Donations for Donuts

3 Dec

People like things that are fun.  This much is obvious.  For generation X & Y, the fun happens at their computers on Facebook, Twitter, and on their phones and cameras.  Millions of humorous pictures, videos, stories and anecdotes.  Look no farther than Texts From Last Night to get the picture (or download the iPhone app).

Anyway, the internet and new media allows humor to go viral, and some people, including Elie Klein, have realized the power humor and fun competition has to raise money.  I caught this article about Klein on an Israel news station, Ynetnews.  His mission: to cram down as much sufganiya (Israeli donuts) as possible.  Blessed with one heck of a metabolism, Klein is eating a donut for every donation to charity made by individuals across Israel, where Klein resides.  The campaign began last year when a group of neighbors placed a bet about who could eat the most sufganiya.  To keep score, they updated their Facebook and Twitter statuses, so everyone stayed in the loop.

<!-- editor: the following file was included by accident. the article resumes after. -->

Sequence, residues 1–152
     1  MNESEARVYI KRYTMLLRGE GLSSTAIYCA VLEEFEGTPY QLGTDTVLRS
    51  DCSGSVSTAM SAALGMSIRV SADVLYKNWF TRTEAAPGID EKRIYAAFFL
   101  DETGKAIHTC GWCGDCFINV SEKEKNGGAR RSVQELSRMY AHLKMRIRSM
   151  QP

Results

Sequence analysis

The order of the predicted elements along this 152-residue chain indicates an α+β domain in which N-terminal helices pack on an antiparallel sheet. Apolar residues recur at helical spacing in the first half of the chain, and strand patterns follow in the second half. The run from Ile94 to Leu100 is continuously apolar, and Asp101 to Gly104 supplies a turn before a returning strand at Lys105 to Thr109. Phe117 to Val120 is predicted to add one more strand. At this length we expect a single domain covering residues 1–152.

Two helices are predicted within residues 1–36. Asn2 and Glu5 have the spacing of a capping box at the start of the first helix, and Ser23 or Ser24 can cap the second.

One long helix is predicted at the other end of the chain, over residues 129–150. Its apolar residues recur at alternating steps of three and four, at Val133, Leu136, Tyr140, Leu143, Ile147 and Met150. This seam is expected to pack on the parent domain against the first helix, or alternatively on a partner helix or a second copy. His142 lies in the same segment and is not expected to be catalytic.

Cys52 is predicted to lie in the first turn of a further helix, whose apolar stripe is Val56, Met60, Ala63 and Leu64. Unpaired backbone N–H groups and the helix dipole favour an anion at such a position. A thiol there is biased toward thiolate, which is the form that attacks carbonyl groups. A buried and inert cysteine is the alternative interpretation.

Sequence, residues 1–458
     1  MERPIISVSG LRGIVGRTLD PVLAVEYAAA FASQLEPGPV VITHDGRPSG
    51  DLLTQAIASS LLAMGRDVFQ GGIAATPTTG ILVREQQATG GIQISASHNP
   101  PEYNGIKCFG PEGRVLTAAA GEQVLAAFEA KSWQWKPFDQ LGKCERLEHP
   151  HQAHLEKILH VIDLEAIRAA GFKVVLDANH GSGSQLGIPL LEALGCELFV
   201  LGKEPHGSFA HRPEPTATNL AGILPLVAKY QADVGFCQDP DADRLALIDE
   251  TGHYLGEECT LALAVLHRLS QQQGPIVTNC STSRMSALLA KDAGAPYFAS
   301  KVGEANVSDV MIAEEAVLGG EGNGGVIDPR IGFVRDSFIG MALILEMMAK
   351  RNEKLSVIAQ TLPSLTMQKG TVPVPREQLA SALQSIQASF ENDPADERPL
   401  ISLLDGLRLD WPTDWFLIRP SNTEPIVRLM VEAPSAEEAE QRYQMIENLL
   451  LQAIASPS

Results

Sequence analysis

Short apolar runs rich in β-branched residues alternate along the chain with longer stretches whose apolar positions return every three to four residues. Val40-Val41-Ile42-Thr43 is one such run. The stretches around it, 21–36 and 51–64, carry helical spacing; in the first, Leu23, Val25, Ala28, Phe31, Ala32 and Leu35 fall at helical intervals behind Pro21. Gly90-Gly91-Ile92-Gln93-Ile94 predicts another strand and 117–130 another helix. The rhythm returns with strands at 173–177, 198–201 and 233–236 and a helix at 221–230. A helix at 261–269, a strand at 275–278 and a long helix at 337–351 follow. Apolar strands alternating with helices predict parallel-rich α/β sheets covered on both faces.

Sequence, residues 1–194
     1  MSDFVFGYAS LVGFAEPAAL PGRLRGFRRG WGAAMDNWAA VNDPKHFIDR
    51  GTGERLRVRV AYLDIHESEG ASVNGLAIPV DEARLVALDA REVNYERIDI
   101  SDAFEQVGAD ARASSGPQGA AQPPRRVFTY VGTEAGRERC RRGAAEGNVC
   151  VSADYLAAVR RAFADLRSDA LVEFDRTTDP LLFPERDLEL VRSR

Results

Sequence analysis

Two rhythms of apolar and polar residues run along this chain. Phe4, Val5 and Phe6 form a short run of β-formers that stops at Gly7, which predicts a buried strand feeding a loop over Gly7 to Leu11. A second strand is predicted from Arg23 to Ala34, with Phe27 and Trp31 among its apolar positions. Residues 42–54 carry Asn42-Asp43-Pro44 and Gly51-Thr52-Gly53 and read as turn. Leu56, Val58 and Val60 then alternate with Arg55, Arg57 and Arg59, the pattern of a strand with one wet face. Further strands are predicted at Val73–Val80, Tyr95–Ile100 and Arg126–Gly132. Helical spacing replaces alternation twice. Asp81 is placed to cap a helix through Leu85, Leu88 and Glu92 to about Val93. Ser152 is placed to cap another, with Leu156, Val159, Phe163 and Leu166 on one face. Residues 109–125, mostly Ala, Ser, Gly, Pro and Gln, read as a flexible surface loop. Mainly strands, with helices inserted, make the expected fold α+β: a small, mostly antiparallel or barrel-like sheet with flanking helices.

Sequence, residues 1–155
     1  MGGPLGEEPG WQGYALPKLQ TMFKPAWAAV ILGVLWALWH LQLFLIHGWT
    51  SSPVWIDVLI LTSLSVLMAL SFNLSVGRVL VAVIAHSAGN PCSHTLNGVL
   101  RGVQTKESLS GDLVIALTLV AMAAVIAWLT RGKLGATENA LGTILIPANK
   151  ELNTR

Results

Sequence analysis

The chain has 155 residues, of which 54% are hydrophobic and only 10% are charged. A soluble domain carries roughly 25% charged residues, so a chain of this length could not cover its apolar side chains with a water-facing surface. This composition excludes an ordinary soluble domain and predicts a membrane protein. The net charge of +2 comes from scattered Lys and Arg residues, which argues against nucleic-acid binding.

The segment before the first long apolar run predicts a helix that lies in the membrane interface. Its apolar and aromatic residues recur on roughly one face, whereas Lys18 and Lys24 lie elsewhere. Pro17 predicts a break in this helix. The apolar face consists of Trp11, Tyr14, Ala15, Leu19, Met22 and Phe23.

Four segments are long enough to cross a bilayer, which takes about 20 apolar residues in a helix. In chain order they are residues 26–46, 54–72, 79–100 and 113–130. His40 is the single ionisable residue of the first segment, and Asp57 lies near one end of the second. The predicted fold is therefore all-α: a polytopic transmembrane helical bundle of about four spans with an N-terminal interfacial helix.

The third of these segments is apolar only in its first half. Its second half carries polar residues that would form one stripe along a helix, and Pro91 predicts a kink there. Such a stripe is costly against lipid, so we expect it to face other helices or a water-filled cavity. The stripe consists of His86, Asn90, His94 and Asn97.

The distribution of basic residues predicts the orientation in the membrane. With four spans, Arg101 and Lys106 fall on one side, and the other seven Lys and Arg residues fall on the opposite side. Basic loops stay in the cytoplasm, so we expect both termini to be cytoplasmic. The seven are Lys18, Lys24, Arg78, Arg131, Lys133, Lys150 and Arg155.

This year they’re going at it again, and using social media the same way to keep track of the donuts eaten.  The important difference this year, is the fundraising.  When Klein told his family about the donuts, his wife’s cousin challenged she could eat just as many, and bet $10 to his charity of choice on the winner.  Another neighbor also pledged a donation based on the donut-eating, and then a friend made a Facebook event and the rest is history.  To date, Klein has consumed  47 donuts and continues to update his status, including the number of causes (currently 37) and the donations made by various people (amounting to about US $4914).

Social media’s at work here in a very uncomplicated way.  Someone is cramming as many donuts in his mouth as humanly possible, and people think it’s funny.  Betting on it makes it exciting, and fundraising works best when it’s exciting.  This is something to keep in mind when attempting to raise money among young people.  The nonprofit landscape is evolving, as it moves away from the dated door-to-door pledging or those horrendous phonathons to social media.

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